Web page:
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Ideology and Spatial Voting in American Elections

Ideology and Spatial Voting in American Elections

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Stephen A. Jessee
Cambridge University Press, 6/29/2012
EAN 9781107025707, ISBN10: 1107025702

Hardcover, 200 pages, 23.5 x 15.8 x 1.5 cm
Language: English

Ideology and Spatial Voting in American Elections addresses two core issues related to the foundations of democratic governance: how the political views of Americans are structured and how citizens' voting decisions relate to their ideological proximity to the candidates. Focusing on testing the assumptions and implications of spatial voting, this book connects the theory with empirical analysis of voter preferences and behavior, showing Americans cast their ballots largely in accordance with spatial voting theory. Stephen A. Jessee's research shows voters possess meaningful ideologies that structure their policy beliefs, moderated by partisanship and differing levels of political information. Jessee finds that while voters with lower levels of political information are more influenced by partisanship, independents and better informed partisans are able to form reasonably accurate perceptions of candidates' ideologies. His findings should reaffirm citizens' faith in the broad functioning of democratic elections.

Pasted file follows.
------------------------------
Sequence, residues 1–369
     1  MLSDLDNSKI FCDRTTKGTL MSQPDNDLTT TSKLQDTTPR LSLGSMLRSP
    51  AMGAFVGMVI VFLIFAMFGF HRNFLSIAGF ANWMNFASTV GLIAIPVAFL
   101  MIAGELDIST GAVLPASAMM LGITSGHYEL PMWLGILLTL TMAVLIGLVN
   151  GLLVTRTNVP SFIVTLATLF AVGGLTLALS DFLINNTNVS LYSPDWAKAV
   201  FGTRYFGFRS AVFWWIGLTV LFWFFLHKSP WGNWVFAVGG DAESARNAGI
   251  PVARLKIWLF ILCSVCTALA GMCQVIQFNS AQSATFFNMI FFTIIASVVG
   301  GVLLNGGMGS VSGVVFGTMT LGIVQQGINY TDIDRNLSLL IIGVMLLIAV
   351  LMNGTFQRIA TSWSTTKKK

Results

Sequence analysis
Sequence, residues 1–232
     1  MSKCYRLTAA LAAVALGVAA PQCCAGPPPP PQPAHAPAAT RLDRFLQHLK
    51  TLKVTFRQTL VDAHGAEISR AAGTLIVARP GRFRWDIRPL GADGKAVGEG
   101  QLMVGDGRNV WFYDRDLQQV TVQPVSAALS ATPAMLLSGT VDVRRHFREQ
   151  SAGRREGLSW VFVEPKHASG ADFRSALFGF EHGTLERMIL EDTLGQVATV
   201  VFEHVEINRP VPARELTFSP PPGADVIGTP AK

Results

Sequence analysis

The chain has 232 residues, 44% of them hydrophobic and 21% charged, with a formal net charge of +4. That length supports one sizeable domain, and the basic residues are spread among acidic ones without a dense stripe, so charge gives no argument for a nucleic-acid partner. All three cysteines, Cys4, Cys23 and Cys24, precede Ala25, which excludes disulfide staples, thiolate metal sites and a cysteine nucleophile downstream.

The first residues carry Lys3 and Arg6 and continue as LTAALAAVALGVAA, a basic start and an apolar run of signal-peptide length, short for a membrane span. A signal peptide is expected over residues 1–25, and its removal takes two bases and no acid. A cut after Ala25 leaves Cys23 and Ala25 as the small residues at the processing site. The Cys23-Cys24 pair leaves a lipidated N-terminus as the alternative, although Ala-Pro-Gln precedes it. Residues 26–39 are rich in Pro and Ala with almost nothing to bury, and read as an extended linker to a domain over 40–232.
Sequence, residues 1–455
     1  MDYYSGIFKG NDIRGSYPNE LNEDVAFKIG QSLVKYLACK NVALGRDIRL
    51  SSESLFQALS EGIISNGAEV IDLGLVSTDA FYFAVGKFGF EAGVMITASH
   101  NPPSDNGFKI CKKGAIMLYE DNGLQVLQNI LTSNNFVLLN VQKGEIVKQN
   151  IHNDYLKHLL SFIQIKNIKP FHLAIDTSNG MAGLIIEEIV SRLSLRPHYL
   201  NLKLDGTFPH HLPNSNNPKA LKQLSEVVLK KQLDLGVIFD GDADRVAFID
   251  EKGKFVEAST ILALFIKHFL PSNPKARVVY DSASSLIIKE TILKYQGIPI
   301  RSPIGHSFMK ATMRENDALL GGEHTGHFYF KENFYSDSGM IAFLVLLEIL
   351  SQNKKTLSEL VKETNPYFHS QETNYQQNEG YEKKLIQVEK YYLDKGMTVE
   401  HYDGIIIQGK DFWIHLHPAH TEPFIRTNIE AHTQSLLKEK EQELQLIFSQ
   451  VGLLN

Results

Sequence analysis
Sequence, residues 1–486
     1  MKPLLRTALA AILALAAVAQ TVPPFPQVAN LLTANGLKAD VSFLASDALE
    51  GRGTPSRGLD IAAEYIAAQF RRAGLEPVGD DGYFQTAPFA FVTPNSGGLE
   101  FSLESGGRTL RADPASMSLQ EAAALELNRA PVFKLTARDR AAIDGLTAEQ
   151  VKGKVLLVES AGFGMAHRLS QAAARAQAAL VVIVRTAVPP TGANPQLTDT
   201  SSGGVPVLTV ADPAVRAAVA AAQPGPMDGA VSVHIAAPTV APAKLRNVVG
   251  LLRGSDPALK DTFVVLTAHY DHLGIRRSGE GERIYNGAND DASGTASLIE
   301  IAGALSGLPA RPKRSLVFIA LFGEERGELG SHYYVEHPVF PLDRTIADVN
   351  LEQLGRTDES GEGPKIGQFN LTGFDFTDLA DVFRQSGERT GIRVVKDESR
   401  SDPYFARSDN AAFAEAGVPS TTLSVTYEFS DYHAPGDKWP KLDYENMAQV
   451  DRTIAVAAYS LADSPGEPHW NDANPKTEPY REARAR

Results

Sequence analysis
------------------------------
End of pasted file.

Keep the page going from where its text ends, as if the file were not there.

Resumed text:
1. Introduction
2. Ideology
3. Measuring ideology
4. Linking theory and empirics
testing spatial voting theory
5. Partisanship vs. proximity
6. Political information and vote choice
7. The political perceptions of citizens
8. Conclusion.

Advance praise: 'In Ideology and Spatial Voting in American Elections, Professor Stephen Jessee develops an innovative approach to compare the ideologies of rank-and-file voters and presidential candidates, and proceeds to address several important questions, including: to what extent do rank-and-file voters display attitude constraint in their opinions across differing policy domains, and can their opinions across these different domains be represented by a position along a unidimensional ideological continuum? How does the distribution of citizens' ideological positions match up with the presidential candidates' ideological positions? How do citizens' ideological positions and their partisanship influence their vote choices, and does the answer to this question depend on the citizen's level of political information? Professor Jessee presents provocative and nonobvious answers to these questions that greatly enhance our understanding of public opinion, political behavior, and mass-elite policy linkages.' James Adams, University of California, Davis